In 1895 Mesrovb Seth
wrote: ".......In Surat, the Armenians erected two churches - one in the
city, which is still preserved, but is not now used; and the other which
lies in ruins, in their cemetery......."
There are traces of an
Armenian settlement in the city during the 16th century. In the
Armenian cemetery at Surat, which adjoins the cemeteries of the early
British and Dutch, there is a tombstone of an Armenian lady who died
there in 1579 A.D. The inscription which is in Ancient Armenian
translates: "In this tomb lies buried the body of the noble lady, who
was named Marinas, the wife of the priest Woskan. She was a crown
to her husband, according to the proverbs of Solomon. She was
taken to the Lord of Life, a soul-afflicting cause of sorrow to her
faithful husband, in the year one thousand and twenty eight of our
Armenian era, on the fifteenth day of November at the first hour of
Friday, at the age of 53. Ye who see this tomb, pray to the Lord
to grant mercy". The year 1028 of the Armenian era is
equivalent to the year 1579 A.D. Her husband, Rev. Woskan, must
have been the spiritual head of the Armenians living at Surat during the
reign of Akbar, the patron of their race.
If there was an Armenian priest in Surat in 1579 then there must have
been a church or a chapel. Accordingly to an unconfirmed source,
the old Armenian church at Surat was destroyed by the Mogul governor at
the instigation of the Turkish merchants who came to Surat, after their
pilgrimage to Mecca, for the purpose of buying goods. However,
evidence of an Armenian Church can be seen on page 297 of the
English Factories in India (1661-1664) which is digitised, click
to follow the link) there is a rough map of Surat, (which is
reproduced below) showing the positions of the prominent buildings at
the time of Sivaji's first raid on the city, in early January 1664, in
which the Armenian Church is clearly shown.
The Legend marked on the map is as follows.
The English Factory of that time which stood in
the north-western part of the city, in what was
known in 1937 as the Mullah's Ward.
The Sarai and the mosqueof Mirza Zahid
A building known as the Dadhimar or Racket Court.
It was originally a sarai and may have been the one in which
some Armenians and Turkish merchants secured themselves and their
goods during the raid.
The Armenian Church
Shows the position of the French factory
established a little later
Is the site of the subsequent English factory,
near the Mullas' Water Gate.
interval between destruction of the old church and the erection of a new
church in 1778 dedicated to the Virgin Mary, the Armenian residents of Surat held divine services at a house set apart for the purpose.
The church built in 1778 was pulled down some years later (after 1907)
by the wardens of the Armenian church of Bombay, as it had fallen into
disrepair and the site was later used as a playground for school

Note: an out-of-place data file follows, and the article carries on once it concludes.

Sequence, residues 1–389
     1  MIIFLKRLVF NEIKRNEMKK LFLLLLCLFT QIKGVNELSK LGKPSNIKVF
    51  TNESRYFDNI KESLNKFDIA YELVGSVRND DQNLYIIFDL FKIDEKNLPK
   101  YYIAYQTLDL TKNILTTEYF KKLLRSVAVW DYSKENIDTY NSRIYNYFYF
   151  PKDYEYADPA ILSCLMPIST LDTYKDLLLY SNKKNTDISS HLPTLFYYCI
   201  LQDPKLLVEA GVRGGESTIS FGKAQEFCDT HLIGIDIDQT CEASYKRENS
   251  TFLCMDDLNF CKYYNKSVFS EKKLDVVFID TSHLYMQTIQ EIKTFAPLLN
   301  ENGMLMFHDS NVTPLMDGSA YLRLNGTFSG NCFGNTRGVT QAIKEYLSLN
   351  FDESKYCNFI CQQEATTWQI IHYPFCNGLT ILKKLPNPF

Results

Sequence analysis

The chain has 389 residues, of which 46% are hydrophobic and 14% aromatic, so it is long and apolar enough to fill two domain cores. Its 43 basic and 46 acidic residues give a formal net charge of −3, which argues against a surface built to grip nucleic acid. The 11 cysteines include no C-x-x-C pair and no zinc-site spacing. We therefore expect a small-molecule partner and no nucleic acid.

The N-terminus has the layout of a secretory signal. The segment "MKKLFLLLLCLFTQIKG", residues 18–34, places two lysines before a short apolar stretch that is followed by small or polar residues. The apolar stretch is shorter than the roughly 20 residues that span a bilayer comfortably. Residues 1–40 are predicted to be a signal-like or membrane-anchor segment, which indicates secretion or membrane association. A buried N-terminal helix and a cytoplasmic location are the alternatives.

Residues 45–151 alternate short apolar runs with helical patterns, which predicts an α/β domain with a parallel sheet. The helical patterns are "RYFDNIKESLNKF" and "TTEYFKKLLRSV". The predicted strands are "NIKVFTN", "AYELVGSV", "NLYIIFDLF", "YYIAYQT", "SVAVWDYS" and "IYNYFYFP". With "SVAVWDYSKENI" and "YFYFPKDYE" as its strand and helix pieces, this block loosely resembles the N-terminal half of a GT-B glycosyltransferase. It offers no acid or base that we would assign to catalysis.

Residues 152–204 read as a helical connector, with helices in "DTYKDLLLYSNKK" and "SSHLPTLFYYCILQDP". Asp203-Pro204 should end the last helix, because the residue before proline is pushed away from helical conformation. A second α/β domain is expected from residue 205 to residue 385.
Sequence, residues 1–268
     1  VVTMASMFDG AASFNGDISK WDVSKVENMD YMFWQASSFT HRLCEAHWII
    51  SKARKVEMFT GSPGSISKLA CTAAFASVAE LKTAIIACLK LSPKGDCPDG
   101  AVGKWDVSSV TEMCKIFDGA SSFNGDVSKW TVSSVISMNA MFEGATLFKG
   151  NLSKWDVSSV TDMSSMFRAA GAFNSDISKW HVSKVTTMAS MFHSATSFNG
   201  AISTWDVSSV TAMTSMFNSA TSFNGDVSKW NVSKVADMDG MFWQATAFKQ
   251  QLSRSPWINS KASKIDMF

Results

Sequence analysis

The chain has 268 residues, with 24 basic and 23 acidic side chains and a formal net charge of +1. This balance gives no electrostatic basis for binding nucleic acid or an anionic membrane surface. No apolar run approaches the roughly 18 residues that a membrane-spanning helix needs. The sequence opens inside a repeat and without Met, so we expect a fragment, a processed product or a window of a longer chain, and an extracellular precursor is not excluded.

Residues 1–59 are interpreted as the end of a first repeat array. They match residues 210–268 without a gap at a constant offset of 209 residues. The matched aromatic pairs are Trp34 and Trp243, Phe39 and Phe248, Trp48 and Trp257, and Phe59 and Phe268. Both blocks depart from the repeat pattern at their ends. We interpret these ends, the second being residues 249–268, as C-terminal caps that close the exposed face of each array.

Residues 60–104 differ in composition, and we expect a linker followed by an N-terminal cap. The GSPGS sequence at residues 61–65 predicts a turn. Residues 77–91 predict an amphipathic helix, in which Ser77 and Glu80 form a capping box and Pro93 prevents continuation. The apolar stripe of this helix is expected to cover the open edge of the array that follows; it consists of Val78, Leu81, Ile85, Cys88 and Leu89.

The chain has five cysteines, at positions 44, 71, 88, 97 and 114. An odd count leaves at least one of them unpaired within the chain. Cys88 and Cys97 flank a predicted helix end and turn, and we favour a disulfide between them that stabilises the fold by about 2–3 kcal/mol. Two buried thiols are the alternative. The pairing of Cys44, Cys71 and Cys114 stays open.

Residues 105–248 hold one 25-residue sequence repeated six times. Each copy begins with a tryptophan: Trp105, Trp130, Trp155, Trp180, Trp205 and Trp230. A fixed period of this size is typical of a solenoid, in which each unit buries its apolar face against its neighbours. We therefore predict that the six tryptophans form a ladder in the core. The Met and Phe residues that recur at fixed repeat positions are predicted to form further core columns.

children. The Armenian scholar and writer Mesrovb J. Seth visited
the church in January 1907 and observed that "it was still standing,
although a portion of the roof had fallen, but the altar, the sacristies
(vestries) on either side of the altar, the gallery for ladies on the
west side of the church, were in a fair state of preservation, as also
the priest quarters on the left side of the main gate." He
continued "the beautiful church, with historical associations, was,
in the absence of devout worshippers, found in the indisputable
possession of thousands of owls, bats, crows, cats, rats, snakes and
scorpions which howled, screeched, and hissed ominously when the present
writer, at the risk of his life, entered the sacred edifice where his
revered grandfather, Seth Mackertich Agazar Seth, had worshipped during
the last quarter f the 18th century." Seth continues "there
is a Mortuary chapel in the Armenian cemetery at Surat which is still
standing and it will continue to exist as a valuable landmark of the
once-flourishing Armenian colony in that historic city, because it has
fortunately come under the control of the Public Works Department as a
"Protected Monument" thanks to the solicitude of the late Lord Curzon
for the Preservation of Ancient Monuments in India. We could find
no date, either inside or outside the beautiful chapel, showing the year
of its construction, but in all probability it must have been erected
during the 17th century, because there is a grave inside that chapel,
with a tombstone bearing the date 1695.
Khojah Phanoos Kalandar, the "Armenian merchant of eminency", as the
English called him, was a native of Julfa (Ispahan) but had settled down
at Surat, where his only son's grave, in the mortuary chapel at the
Armenian cemetery bears an inscription in classical Armenian of
which the following is a translation: "This is the tomb of Kalandar, the
son of Phanoos Kalandar of Julfa who departed this life on Saturday, the
6th March 1695"".